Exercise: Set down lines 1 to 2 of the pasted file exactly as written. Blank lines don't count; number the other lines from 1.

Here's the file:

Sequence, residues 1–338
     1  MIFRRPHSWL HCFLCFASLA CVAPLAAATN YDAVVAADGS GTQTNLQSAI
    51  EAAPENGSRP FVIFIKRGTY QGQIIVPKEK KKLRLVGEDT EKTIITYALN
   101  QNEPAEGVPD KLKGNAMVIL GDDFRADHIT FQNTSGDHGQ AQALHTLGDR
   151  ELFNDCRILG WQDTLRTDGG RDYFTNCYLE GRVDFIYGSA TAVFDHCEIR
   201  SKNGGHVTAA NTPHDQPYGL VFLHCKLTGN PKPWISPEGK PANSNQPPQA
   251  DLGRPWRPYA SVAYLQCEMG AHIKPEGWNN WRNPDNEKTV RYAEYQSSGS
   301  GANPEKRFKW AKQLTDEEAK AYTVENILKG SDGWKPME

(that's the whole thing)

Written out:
Sequence, residues 1–338
     1  MIFRRPHSWL HCFLCFASLA CVAPLAAATN YDAVVAADGS GTQTNLQSAI